It’s me, Mario: the world’s favorite video game turns 40

It does not mean anything. The game is called Super Mario Bros, but actually only one character is called Mario, and he’s much more famous than his brother Luigi. Mario is a plumber – mustache, overalls, cap and all – but doesn’t do any pipe work. Guided by you, he has to run, slide, jump, jump, jump and fight his way through each level to find that his girlfriend, Princess Peach, is trapped in a different castle by the evil Bowser. Along the way, you’ll find bonus mushrooms, deadly turtles and plants, collectibles, and themed music that lodges in your brain and never leaves.

And yet, 40 years since Mario made his Donkey Kong debut and 36 years since he made the headlines of his own game, he remains a video game superstar. The franchise has sold over 763.45 million units worldwide, making it the best-selling title of all time. Take a closer look at the acts of faith that helped him achieve fame.

He wasn’t always Mario: At Nintendo in the 1980s, video game designer Shigeru Miyamoto, now 68, hoped to create a Popeye hero. But the rights are too expensive. So his local game, Donkey Kong (1981), featured the eponymous evil monkey throwing barrels and obstacles for a little carpenter to dodge. Miyamoto called him Mr. Video; the team named him Jumpman. It wasn’t unusual for the time – other games were called Pac-Man (1980), Space Invaders (1978), and Asteroids (1979). But the US division of Nintendo wanted a new name for the character of Miyamoto. Some warehouse workers thought he looked a bit like their owner Mario Segale. The name stuck. Miyamoto also approved.

He’s a blue collar hero: Miyamoto’s next game was set in sewers, with green pipes and turtles. So his little carpenter turned into a plumber for 1985’s Super Mario Bros. The big nose, bushy mustache, hat, blue overalls, and stocky body of the original design remained. Miyamoto had designed Mario to fit into the few pixels available in video games of the time and always stand out against the blue sky and white clouds of the new game’s simple background.

In India, the game infiltrated via handheld devices and contraband cartridges played on bulky local samurai consoles that ran Nintendo software. Games and tech writer Jaison Lewis, who grew up in Mumbai and now lives in Germany, remembers playing on it. “I had a handheld that played both Donkey Kong and Mario and was powered by two button cell batteries,” he says. The cartridge and samurai version, which plugs into the TV for a 16-bit big-screen experience, was the dream. “You had to have a rich friend who let you borrow his toy or rent one for ??10 as a Sunday treat. It was very fun.”

The theme melody is a classic in itself: There is only three minutes of original music in the 1985 game, but composer Koji Kondo uses it like a maestro. The games of the 80s did not have the technology for complex symphonies. The cartridges had tiny synthesizers that played the limited sounds as you moved through the game. Kondo crafted a catchy, almost swinging melody, using three notes at a time, for the opening level. . For the underwater sections, where Mario swims through enemy territory, there is a lighter waltz. And of course, throughout the Overworld theme, when Mario collects coins, there’s that triumphant metallic ping.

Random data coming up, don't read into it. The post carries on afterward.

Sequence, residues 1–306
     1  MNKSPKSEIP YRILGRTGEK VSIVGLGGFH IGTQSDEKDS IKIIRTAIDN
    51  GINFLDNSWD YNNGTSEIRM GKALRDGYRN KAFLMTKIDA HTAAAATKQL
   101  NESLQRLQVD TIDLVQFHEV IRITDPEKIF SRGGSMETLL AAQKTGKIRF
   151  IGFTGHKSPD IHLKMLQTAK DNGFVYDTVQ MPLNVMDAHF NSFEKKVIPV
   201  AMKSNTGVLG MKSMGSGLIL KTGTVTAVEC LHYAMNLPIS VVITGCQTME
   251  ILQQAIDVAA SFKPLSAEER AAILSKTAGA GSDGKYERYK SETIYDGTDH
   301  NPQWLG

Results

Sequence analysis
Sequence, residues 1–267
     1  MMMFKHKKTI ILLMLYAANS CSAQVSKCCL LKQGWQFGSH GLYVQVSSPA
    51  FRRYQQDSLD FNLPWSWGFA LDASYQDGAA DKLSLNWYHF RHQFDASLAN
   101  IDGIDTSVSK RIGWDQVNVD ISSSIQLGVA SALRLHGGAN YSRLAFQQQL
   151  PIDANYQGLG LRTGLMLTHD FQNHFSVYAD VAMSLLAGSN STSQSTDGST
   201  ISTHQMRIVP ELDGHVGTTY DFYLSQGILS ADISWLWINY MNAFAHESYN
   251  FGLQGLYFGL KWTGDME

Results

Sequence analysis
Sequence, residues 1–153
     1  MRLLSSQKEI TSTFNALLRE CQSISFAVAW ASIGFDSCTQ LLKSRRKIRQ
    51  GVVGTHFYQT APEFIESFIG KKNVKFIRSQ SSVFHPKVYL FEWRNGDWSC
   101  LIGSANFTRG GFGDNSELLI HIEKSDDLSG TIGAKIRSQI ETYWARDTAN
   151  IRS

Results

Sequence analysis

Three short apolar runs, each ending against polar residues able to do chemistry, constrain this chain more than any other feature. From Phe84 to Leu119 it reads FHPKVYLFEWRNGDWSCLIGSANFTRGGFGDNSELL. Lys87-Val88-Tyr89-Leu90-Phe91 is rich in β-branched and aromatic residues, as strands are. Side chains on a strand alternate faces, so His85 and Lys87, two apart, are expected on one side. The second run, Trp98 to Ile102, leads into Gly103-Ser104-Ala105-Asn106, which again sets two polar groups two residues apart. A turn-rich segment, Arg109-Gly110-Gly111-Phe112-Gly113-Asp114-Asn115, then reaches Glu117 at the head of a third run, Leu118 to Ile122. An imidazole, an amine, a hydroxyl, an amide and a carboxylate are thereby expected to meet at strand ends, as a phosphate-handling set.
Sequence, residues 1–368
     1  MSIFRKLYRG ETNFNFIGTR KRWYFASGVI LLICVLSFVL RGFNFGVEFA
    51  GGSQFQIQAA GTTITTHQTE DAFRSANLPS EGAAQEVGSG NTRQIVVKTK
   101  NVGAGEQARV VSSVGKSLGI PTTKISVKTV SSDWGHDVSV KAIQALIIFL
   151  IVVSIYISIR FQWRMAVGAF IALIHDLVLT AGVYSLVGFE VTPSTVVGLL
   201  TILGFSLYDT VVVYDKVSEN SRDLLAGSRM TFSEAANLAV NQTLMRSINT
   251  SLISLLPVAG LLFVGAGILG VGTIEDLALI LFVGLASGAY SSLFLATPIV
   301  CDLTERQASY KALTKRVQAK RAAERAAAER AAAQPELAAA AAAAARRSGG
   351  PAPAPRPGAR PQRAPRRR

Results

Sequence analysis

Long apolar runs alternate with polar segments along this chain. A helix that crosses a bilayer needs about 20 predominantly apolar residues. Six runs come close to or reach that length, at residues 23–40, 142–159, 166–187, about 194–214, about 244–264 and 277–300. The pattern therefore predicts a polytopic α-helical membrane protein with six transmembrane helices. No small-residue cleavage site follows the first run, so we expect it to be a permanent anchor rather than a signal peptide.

They teach Mario in universities: The first level of Super Mario Bros is so easy to follow that it is part of the design programs. We instinctively know when to jump, what to avoid. Miyamoto’s gameplay is also smooth. The jumps last as long as you hold the button, Mario accelerates while running. In an interview with US National Public Radio in 2015, Miyamoto said Mario is popular because his background is universal. “Everyone is afraid of falling from a great height. If there is a gap you need to jump, everyone will try to run to jump over the gap. These are things that are uniquely human and are a shared experience, really, everyone. “

Mario is a lot of money: The 3D version of the franchise, Super Mario 64, was released in 1996, and its cinematic style and moves quickly set the standard for 3D games. Most fans have used up their cartridges. In August, a sealed game grossed $ 2 million at auction, setting a new record for the highest price ever paid for a video game. He broke a record set less than a month earlier, when a sealed copy of Super Mario 64 grossed $ 1.56 million. Lewis says a big part of the call is nostalgia. “Gambling, after all, is not uncommon. There is a Mario game for every generation of Nintendo device. But as with toys, it’s hard to find a classic sealed game in perfect condition. What child would have received a Mario game as a gift and not ripped off the packaging to play right away? “

Mistakes were made: Mario and Luigi appeared in the 1993 live-action Super Mario Bros. movie, a film so bad that Nintendo refused, for decades, to give Hollywood studios the right to do more. Now they’ve given in. A 3D animated film is in the works, featuring the voices of Chris Pratt as Mario, Anya Taylor-Joy as Princess Peach, Charlie Day as Luigi and Jack Black as Bowser. It is slated for release in December 2022. Will the plumber flush out the $ 300 million his Sega rival, Sonic the Hedgehog, raked in last year when it became the most lucrative video game adaptation? all time ? Mario better give all of them a head butt ??? for mushrooms.

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    Rachel Lopez is a writer and editor for the Hindustan Times. She has worked with The Times Group, Time Out and Vogue and is particularly interested in the history of the city, culture, etymology, the Internet and society.

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